Historic Trails

Historic Trails

An image of a historic trail

Hawaiʻi, unlike any other state in the U.S., was originally a sovereign nation – a kingdom. There were certain preexisting laws that were passed on and incorporated into what became laws of the U.S. Territory, and then ultimately, of the State. In relation to trails, the following two citations describe the legal tools used by the Nā Ala Hele Program to identify and possibly claim public ownership of specific features.

The Highways Act of 1892

In October of 1892, Queen Liliuokalani approved law that determined that the ownership of all public highways and the land, real estate and property of the same, shall be in the Hawaiian Government in fee simple. The definition of public highway includes all existing trails at the time “or hereafter opened, laid out or built by the Government, or by private parties, and dedicated or abandoned to the public as a highway, are hereby declared to be public highways.” Furthermore, “All public highways once established shall continue until abandoned by due process of law”.

Chapter 264-1(b), Hawaii Revised Statutes (HRS)

The following HRS furthers the intent of the Highways Act:

[quote style=”default” cite=”Ch 264-1(b), Hawaiʻi Revised Statutes”]All trails, and other nonvehicular rights-of-way in the State declared to be public rights-of-way by the Highways Act of 1892, or opened, laid out, or built by the government or otherwise created or vested as nonvehicular public rights of way at any time hereafter, or in the future, are declared to be public trails. A public trail is under the jurisdiction of the State Board of Land and Natural Resources – unless it was created by or dedicated to a particular county, in which case it shall be under the jurisdiction of that county. All State trails once established shall continue until lawfully disposed of pursuant to Chapter 171, HRS.[/quote]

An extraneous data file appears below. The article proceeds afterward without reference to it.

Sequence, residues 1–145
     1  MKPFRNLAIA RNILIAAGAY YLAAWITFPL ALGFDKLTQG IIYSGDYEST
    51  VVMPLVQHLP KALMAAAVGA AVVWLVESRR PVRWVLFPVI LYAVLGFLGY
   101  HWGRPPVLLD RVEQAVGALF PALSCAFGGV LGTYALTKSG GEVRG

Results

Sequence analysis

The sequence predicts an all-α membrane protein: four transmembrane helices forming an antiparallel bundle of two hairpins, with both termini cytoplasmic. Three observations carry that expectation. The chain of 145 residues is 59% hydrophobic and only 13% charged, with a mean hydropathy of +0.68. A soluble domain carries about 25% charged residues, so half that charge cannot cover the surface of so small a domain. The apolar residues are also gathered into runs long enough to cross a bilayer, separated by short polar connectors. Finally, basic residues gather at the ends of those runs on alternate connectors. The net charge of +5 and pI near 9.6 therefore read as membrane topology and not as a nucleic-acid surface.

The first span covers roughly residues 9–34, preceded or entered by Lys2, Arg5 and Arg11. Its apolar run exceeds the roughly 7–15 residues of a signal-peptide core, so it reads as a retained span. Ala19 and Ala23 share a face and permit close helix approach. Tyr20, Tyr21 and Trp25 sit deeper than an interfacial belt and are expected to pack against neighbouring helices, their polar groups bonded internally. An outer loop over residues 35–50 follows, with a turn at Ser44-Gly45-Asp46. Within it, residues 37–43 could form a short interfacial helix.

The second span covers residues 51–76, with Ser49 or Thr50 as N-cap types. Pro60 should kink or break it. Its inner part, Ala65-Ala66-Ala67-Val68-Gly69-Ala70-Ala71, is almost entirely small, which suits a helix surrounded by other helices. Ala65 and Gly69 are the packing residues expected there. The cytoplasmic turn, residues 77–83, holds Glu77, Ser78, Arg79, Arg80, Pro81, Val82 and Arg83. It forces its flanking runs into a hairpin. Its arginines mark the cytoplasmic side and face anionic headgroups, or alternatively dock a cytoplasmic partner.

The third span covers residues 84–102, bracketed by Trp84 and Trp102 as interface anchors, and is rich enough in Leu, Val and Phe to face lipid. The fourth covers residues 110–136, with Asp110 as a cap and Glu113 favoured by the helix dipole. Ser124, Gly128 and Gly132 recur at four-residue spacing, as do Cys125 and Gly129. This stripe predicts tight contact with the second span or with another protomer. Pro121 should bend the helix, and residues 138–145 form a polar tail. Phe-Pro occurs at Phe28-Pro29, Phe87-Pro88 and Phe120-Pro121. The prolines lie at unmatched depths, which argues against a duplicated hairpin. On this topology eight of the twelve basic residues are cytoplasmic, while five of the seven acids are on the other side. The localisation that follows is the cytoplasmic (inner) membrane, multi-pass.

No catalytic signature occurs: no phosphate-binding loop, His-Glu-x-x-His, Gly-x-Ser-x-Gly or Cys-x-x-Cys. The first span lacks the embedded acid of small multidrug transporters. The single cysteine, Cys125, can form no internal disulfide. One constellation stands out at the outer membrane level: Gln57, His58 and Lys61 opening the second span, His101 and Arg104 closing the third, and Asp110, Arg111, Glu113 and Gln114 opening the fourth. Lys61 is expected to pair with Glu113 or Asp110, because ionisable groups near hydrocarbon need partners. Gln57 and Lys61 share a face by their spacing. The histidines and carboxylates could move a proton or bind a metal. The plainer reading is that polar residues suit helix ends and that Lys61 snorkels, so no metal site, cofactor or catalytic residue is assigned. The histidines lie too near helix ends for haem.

If the State can document the existence of a trail prior to 1892, and the feature has not been disposed of pursuant to Chapter 171, the State may claim the trail. This applies even if the trail does not currently exist on the ground physically – in many instances trail sections have been destroyed over time due to various land uses or natural process. 

The documents below provide additional information on Hawaiʻi’s ancient and historic trails.